Teachers at Lanesville have not signed a new contract with the school corporation since 2004. Under Indiana law, the school corporation must continue to pay the salaries and benefits agreed to under that contract until the parties agree to a new one.
Vicki Martin, a state-appointed fact-finder with the Indiana Education Employment Relations Board, released a non-binding report last November with her recommendations for settling the school’s dispute on salary and insurance issues. Martin recommended a two-percent retroactive salary increase for teachers for the 2004-05 and 2005-06 school years and a reduction of the school’s contribution for health insurance premiums by five percent. Martin said in that report those recommendations were made in light of the school’s financial problems.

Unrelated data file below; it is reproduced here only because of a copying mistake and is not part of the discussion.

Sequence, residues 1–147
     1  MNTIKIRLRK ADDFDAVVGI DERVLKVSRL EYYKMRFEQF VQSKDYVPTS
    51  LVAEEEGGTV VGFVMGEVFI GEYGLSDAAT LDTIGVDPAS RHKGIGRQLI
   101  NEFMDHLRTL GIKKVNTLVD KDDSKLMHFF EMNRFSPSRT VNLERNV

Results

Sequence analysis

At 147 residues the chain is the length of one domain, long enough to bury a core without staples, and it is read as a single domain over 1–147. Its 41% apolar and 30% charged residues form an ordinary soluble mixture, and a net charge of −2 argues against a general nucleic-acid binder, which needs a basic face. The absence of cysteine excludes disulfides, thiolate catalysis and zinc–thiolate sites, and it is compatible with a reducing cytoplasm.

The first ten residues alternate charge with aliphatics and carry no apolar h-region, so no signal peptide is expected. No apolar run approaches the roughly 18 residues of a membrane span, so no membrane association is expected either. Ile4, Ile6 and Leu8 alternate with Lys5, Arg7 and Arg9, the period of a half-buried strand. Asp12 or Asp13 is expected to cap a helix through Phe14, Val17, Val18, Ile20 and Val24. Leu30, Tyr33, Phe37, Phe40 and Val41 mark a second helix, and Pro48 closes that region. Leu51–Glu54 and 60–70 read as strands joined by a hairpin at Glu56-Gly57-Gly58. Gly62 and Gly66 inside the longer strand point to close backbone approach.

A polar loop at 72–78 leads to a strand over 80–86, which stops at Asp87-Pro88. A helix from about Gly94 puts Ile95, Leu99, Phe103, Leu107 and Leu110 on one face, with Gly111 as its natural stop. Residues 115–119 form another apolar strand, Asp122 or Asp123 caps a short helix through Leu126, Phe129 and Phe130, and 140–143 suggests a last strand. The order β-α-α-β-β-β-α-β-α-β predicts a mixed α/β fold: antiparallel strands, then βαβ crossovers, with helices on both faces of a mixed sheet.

The LEA submitted a proposal for a new health insurance plan in January to the insurance committee formed under Martin’s recommendation to lower health insurance costs. The plan was not presented to the full five-member school board. The LEA claims the plan would save the school corporation more than $70,000 per year on health insurance premiums. However, Partenheimer said the plan was too expensive given the school’s budget constraints.
‘The current proposal we made saves the school corporation a lot on the premiums and saves us a little bit,’ Veronica Hobbs, LEA president, said last week.
The LEA’s plan conforms to Martin’s recommendation of a five-percent decrease in the school’s contribution to health insurance premiums and also significantly raises deductibles and out-of-pocket expenses for both single and family coverage.